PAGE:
I recently read a business article with the title, Being Different Beats Being Better. It followed up with a quote:
“Everyone is interested in what’s new. Few people are interested in what’s better. Who cares about a marginally better product or service? That’s the problem with most businesses and even people. We compete with each other for the same market.”
In the photography world specifically, is this true? Here are some of my contemplative thoughts that are general. There are exceptions all the time that I realize.
On Social Media, I’d Say Absolutely.
My primary context is Instagram & Facebook. Posts that first captured a blizzard’s wrath, the fall of an iconic rock, the Superbowl in Minnesota, the Minnesota State Fair, the Eclipse, to name a few, have caught fire on social media and traditional media outlets. I would argue that the first picture from events are more popular than the better ones (subjective but go with me here) that follow later. People both want to be on the edge of news as well as see who’s there recording and capturing the news. I’d say people are more excited about the initial shot than follow-ups unless the latter are incredible.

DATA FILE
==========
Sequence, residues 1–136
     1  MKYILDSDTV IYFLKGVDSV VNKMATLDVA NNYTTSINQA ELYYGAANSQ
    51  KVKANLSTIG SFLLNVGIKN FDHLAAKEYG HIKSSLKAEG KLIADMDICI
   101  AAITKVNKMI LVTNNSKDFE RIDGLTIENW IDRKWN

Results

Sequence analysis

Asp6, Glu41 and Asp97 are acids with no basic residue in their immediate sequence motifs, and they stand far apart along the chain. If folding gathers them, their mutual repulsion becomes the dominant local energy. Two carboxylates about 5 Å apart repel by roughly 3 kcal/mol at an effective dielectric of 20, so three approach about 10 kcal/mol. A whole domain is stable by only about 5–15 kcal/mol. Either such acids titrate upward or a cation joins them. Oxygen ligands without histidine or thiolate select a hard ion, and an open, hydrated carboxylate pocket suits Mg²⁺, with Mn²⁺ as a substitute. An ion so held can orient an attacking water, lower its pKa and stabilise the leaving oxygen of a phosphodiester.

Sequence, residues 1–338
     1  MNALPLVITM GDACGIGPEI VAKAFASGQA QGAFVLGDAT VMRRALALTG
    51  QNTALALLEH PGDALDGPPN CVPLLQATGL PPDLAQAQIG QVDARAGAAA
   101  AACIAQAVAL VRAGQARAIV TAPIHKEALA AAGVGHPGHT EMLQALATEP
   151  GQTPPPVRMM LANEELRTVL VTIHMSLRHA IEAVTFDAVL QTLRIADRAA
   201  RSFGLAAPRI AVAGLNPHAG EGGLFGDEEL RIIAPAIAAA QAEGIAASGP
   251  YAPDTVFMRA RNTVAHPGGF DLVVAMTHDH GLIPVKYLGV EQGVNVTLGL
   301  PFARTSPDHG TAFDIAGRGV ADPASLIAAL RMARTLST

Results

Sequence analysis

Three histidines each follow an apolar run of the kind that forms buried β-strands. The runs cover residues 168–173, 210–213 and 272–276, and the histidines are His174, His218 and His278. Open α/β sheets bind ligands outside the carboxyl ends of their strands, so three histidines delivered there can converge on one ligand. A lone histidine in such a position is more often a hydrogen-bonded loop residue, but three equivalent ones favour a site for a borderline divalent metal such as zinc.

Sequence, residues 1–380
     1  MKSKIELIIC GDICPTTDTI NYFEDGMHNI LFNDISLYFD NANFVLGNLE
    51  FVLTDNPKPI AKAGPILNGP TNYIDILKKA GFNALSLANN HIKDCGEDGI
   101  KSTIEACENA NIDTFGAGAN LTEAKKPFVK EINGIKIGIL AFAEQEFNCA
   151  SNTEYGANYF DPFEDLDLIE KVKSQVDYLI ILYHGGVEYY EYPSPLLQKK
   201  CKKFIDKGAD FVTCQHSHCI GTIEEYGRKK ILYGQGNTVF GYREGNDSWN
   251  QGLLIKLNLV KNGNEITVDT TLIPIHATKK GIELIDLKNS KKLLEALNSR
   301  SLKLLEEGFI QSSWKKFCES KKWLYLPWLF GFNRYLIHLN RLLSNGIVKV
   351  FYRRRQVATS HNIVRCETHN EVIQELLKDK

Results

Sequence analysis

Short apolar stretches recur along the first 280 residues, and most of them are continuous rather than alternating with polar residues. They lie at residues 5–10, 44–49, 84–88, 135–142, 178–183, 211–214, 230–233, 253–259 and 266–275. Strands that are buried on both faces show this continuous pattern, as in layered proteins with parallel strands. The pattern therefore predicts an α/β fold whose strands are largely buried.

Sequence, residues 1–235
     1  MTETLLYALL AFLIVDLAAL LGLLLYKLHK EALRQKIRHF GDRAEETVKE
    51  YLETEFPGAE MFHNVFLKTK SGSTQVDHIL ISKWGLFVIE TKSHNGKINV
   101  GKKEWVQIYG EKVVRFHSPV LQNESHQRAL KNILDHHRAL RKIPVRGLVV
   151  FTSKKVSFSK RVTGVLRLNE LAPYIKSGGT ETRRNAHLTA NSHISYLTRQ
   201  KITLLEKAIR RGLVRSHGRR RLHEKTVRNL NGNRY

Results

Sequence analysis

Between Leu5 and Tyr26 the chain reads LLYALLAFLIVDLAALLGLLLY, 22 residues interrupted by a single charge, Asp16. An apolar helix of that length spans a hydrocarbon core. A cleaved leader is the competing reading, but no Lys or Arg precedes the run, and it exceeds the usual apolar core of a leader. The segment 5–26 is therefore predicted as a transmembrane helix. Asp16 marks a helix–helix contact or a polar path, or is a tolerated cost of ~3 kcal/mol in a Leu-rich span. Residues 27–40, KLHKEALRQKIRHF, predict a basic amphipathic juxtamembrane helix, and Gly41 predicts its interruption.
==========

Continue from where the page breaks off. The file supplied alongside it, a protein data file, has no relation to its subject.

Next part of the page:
Because I have now have an art season under my belt, with over a dozen shows to my name, I’ve seen lots of the competition. Without dragging my ego or meek sides of me into this discussion, I’ve wondered how the consumer feels about seven to ten photographers with similar images. Do they see with “new glasses” or “good, better, best glasses?” Just between these two aspects, which has a greater impact on them buying: “Oh, I’ve never seen this (scene, location, angle, view) before” or “Her work is the best out of the lot.”
I’m obviously leaving out emotional attachment which is maybe the greatest reason for buying a photograph for a wall. But I think this blog’s title is an important one that shapes marketing, releasing work, and even photographing in the field. Someone’s values may have them release shots as soon as possible because they know the market has an appetite and the shot will be picked up. Someone else may defy this to get a shot they imagine and will spend days or even years getting it right before releasing it. Does either approach bring in more sales than the other? Or drive the market’s acceptance deeper?
I’m still thinking through this for my own application and conclusions. How about you?
What are your reactions to this post’s title and other questions?
Do people care about finding top-notch work more than what’s the freshest thing?